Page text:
How to set voice over production rates

Voice over recording

Voice over recording

Part 1: Broadcast content buyouts

Setting rates for voice over work has always been a headache. How much should you charge your clients for using your voice? How much should you charge your clients for your studio facility? How much should you charge your clients for your time spent converting the audio in the appropriate format? How much should you charge your clients as an overall project rate?

We at Graffitti Studio have spent years of calculating and reached to an automated solution that forms our very competitive pricing with a click of a button. Still most talents and companies out there calculate their voice over rates manually and I hope these articles will help understanding the basic aspects that take part in the formation of voice over rates.

So what are the different aspects of the process you should have in mind when forming your voice over rates? Here they are:

1. Media Exposure- how the content you voice will be used and exposed?

Generally, there are 2 types of media content in regards of exposure: broadcast and non-broadcast. These categories are pretty much self-explanatory but still let me give you some examples:

Broadcast media is a type of media that is meant for a public broadcast and reaches a large audience through various media channels. Broadcast media is: TV programs, TV series, animation, TV and radio commercials, films, video games etc. What you need to know about setting your voice over talent fee and production rate when you voice a broadcast content is that your voice and your audio product are a subject to buyout compensation for a certain territory and a certain period of time. Usually, the buyout compensation for TV content is additional 30% to your voice over production rate (talent fee, studio recording, editing).

The buyout compensation for commercials could be:

- A flat rate per spot for unlimited use (all media channels, territory and a period of time)

- A flat rate per spot for limited use (media channels, territory and/or period of time)

- A % from the commercial spot voice over production fee for limited media channels, territories and a limited period of time.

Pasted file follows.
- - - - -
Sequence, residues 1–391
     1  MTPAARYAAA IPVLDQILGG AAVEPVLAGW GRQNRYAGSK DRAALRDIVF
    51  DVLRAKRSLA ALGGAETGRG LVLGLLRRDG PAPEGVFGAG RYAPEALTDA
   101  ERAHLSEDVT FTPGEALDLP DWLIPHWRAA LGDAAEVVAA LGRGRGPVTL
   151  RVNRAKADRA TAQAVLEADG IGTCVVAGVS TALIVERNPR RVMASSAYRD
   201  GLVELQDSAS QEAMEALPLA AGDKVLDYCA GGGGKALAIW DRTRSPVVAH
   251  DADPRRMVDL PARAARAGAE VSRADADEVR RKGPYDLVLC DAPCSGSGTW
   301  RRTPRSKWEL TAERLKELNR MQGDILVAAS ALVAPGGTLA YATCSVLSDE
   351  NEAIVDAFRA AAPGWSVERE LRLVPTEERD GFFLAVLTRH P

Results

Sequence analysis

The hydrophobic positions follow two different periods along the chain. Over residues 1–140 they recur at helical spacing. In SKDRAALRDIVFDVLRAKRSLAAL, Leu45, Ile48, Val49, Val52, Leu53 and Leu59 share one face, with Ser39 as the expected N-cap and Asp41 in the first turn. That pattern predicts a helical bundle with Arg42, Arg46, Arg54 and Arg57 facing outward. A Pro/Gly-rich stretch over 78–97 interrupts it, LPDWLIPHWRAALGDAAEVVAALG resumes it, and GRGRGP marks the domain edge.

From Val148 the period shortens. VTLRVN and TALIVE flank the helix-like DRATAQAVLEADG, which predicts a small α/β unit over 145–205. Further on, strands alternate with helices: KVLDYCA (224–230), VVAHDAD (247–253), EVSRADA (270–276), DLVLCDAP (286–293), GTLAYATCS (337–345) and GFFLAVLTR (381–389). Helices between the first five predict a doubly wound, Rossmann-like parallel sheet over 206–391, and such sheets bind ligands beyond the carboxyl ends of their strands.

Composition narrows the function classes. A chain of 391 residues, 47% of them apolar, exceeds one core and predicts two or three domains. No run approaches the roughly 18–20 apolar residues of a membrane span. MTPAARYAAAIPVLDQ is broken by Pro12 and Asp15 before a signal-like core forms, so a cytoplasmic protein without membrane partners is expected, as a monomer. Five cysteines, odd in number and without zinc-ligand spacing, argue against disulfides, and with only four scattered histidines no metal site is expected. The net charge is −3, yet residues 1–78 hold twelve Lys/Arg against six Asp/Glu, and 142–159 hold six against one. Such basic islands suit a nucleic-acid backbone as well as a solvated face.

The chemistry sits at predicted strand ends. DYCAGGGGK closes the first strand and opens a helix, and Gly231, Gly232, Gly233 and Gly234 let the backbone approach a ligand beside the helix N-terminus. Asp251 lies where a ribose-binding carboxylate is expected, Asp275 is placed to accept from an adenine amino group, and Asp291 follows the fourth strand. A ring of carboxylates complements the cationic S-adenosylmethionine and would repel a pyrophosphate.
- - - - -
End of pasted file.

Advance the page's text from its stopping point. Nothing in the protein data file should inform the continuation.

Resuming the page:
What is important to know is that if you are the voice talent and the voice over producer at the same time, you should charge for buyout compensation both as a talent and as a producer.

Artists and producers’ rights are stated in your local copyright legislation and you need to be familiar with it when you sell your services both as a talent and a producer.

If you are not a union member, you might consider becoming one. Unions usually set minimum fees for broadcast buyouts and copyrights which will help you with setting up your buyout fees. They can also collect the buyouts for you and provide protection and legal help if your talent or producer’s rights have been violated.

Charging clients for a broadcast content usage is your legal artist and producer’s right which serious clients are familiar with and treat with respect. It also legitimates you as a voice over professional and makes you stand out of the crowd.

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8 Responses to How to set voice over production rates

  1. Piehole says:

    Hey Graffiti-guys

    Thanks for posting this article. I find that no matter how many times I’ve done a voice over quote, it stills flumoxes me at times! Just when you think you’ve figured out every possible pricing option for every possible job, someone comes along with some weird, random voice over enquiry!!

  2. Mahmoud Taji says:

    Would you happen to have an excel sheet or some kind of site script that a vo artist can enter the information in… by maybe tick boxes and drop down menus that can output an estimated calculation that contains broadcast content buyouts and what not.

    I’d be using that tool constantly!

    Thanks for the great article.


  3. admin says:

    Hi Mahnoud,

    Such an excel sheet would be too custom for each market, talent, studio or agency. There are basic points to have in mind though when you form your voice over rates. Knowing all the basic aspects, you can evaluate them for yourself and come up with an excel sheet for your case.

  4. Linda Joy says:

    Thanks for posting! Looking forward to more :)

  5. Robert says:

    Very helpful info indeed…

  6. Mike Harrison says:

    I’m sure I speak for many VO people when I say this article is a breath of fresh air! Very enlightening. Can’t wait to read more. Thanks so much!

  7. Johnny George says:

    Always interested in learning all I can from everyone’s perspective. Our economy has caused us all to rethink where to set our rates to be competitive and aware of the industry’s changes. (Both up & down)

    I’ll be interested to follow this discussion.

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